An entertaining illumination of the stupid beliefs that make us feel wise.
You believe you are a rational, logical being who sees the world as it really is, but journalist David McRaney is here to tell you that you're as deluded as the rest of us. But that's OK - delusions keep us sane. You Are Not So Smart is a celebration of self-delusion. It's like a psychology class, with all the boring parts taken out, and with no homework.Based on the popular blog of the same name, You Are Not So Smart collects more than 46 of the lies we tell ourselves everyday, including:
©2011 David McRaney (P)2011 Gildan Media Corp
"In an Idiocracy dominated by cable TV bobbleheads, government propagandists, and corporate spinmeisters, many of us know that mass ignorance is a huge problem. Now, thanks to David McRaney's mind-blowing book, we can finally see the scientific roots of that problem. Anybody still self-aware enough to wonder why society now worships willful stupidity should read this book." (David Sirota, author of Back to Our Future: How the 1980s Explain the World We Live In Now)
If you are a narcissistic, self deluded, douchebag, this might be for you. Because that is what this book claims every human being is.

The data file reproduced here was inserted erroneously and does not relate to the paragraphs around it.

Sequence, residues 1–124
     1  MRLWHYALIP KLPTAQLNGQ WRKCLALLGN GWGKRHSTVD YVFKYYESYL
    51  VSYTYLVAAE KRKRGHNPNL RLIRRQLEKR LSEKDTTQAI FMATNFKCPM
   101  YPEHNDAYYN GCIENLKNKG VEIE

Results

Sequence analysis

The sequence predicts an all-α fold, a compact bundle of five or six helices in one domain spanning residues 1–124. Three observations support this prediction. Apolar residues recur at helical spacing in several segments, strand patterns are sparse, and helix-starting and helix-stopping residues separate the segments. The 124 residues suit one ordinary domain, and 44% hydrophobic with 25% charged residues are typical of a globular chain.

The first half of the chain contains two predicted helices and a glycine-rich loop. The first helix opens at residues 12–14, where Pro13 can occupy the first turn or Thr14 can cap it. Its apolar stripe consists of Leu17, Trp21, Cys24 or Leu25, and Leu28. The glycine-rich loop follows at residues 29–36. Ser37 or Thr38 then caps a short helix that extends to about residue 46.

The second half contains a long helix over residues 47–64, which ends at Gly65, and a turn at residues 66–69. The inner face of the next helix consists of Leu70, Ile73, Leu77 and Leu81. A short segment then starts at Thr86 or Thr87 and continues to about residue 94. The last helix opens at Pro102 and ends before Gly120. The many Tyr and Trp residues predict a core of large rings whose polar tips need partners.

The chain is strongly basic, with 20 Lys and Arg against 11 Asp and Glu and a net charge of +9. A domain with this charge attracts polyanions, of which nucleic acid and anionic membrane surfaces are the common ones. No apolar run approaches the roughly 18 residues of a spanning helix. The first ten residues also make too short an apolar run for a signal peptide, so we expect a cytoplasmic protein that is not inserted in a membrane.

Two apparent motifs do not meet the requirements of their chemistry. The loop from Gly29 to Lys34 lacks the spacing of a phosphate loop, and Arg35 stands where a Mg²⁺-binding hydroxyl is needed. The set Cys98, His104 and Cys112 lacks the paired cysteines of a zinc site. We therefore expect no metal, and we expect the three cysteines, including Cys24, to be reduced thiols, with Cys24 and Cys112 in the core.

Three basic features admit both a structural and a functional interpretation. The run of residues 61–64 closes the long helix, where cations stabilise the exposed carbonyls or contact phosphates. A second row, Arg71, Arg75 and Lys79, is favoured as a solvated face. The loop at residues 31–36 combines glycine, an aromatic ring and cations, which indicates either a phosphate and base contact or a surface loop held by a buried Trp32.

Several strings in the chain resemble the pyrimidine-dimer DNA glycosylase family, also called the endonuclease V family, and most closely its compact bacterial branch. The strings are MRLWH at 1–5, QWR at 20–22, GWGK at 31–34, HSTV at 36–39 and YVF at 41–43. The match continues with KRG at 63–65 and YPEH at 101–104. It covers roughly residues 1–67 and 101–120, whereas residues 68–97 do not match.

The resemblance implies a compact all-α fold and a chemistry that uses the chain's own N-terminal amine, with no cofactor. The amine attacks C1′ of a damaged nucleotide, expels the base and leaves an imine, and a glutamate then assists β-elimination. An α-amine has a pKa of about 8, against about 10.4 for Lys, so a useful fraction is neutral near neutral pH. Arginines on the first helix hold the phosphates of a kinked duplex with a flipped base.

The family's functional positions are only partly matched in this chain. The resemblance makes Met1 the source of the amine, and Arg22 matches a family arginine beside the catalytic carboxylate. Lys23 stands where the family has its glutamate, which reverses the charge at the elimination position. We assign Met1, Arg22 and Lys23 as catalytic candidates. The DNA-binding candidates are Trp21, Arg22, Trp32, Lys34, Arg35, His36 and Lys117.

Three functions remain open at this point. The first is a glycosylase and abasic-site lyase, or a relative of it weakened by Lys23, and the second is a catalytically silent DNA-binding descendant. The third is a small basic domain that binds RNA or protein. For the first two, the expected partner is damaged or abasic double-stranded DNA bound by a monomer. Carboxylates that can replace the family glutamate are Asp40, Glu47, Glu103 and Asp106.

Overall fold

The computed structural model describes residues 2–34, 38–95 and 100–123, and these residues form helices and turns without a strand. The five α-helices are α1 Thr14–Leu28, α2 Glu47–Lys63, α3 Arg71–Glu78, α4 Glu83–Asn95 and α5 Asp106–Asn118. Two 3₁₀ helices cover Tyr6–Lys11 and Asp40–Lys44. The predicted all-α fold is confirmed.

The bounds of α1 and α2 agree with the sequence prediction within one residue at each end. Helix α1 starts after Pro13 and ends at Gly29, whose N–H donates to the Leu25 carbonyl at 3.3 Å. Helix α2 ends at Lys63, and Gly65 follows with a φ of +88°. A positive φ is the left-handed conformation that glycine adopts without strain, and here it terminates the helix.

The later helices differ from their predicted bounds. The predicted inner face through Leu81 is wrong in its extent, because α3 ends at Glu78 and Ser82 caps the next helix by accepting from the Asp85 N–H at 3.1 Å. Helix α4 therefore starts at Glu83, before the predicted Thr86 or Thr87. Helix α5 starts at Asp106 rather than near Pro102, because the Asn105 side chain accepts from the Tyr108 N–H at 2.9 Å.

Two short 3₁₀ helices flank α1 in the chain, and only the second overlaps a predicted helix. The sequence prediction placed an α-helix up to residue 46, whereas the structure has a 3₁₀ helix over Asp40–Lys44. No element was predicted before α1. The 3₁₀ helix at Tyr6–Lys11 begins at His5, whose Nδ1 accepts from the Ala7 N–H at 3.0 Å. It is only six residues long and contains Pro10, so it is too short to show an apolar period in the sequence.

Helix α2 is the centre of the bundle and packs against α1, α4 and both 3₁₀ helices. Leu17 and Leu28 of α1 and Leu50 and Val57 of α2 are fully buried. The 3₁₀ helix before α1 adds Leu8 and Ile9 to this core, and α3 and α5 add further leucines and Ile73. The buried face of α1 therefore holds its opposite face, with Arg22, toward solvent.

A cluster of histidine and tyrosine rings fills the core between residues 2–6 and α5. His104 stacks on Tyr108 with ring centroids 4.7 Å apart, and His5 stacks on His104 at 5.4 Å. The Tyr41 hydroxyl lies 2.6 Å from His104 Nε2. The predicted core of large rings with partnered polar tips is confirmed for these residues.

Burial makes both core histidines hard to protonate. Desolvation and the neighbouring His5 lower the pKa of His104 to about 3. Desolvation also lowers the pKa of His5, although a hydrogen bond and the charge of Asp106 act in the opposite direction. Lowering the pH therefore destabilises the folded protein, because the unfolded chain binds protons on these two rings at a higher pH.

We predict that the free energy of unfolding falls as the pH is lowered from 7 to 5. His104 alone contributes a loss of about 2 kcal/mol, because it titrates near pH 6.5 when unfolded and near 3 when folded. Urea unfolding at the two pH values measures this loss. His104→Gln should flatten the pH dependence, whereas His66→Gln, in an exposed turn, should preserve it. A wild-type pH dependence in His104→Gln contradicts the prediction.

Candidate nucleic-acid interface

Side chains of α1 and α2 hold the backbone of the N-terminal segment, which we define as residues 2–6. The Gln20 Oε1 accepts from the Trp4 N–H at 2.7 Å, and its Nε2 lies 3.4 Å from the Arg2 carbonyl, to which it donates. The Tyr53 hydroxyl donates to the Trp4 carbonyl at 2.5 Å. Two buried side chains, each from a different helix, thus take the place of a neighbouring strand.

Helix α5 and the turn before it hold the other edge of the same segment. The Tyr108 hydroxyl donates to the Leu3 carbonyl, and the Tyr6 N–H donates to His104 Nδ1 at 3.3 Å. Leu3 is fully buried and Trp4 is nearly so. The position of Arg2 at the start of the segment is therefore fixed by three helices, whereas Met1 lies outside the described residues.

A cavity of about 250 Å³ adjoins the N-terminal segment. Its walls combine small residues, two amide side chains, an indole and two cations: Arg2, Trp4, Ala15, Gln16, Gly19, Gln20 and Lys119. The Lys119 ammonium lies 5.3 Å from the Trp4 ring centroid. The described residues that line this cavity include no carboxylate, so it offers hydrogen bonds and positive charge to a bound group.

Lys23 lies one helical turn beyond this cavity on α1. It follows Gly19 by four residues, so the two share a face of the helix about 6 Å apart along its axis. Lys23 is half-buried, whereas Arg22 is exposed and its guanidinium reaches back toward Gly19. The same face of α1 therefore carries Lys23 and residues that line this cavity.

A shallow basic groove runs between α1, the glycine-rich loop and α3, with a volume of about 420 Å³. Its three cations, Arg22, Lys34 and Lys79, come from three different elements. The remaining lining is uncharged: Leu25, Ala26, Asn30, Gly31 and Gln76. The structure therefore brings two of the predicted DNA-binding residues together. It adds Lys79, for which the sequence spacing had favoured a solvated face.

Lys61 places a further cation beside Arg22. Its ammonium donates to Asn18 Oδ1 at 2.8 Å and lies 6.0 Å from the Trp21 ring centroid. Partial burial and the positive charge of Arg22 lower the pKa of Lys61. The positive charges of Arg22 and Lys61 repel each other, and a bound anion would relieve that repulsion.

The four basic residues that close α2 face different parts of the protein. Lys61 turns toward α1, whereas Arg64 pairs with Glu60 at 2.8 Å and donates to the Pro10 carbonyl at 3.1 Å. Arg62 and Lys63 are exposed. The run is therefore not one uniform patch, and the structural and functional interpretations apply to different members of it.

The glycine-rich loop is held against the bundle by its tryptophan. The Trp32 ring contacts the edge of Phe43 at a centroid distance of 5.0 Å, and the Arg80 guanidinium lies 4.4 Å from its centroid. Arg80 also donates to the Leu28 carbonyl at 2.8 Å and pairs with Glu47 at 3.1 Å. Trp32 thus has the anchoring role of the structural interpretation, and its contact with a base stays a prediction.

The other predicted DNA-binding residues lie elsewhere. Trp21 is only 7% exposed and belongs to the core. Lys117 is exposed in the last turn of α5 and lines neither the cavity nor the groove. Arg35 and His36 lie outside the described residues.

Summary... "you think you are smart and that other people idolize you. You think the world revolves around you and that all other human beings are morons. You are wrong. Only the author of this book is that smart. Not you." This book is simply that message repeated about 100 times in different words.
So unless you really want to take a hard look at what makes us all "tick", and would prefer to see the world through the same lens you've always used, don't buy this book. If, however, you'd like some fresh insights on how you form opinions, make decisions, and develop ideas, this is the book for you! I enjoyed it cover to cover. Uniquely insightful! Entertaining to boot! 2 Thumbs Up!
This is an intriguing book, but the choice of reader is completely off-base.
The voice of the author is a youthful one; one that inserts silly and somewhat snarky remarks here and there. The reader, however, delivers everything in a flat, humorless monotone. The humor and wit of the book are, as a result, lost.
This started a little slow for me, but it picked up quickly. There were some interesting psychology principles presented in an easy to understand manner; some of them I was familiar with from undergrad and life, and some were surprising (yet made perfect sense once explained).
I have to say that the narration was very good. I was highly amused because the author uses the word "asshole" or expressions like "you are not the shit" sporadically. It came far and few between enough so that I chuckled each time. The narrator has this very cultured, proper voice, and that is how I picture him. When he calmly reads "you are not the shit" in the same tone as the rest of the book, it really is quite funny (or I just have a strange sense of humor, which is also quite possible).
There were some logic games that were fun to do. I also enjoyed the exposure of the logical fallacies that we all (yes, ALL of us) commit. Even your feeling of "I would never fall for that" is not as unique as you think!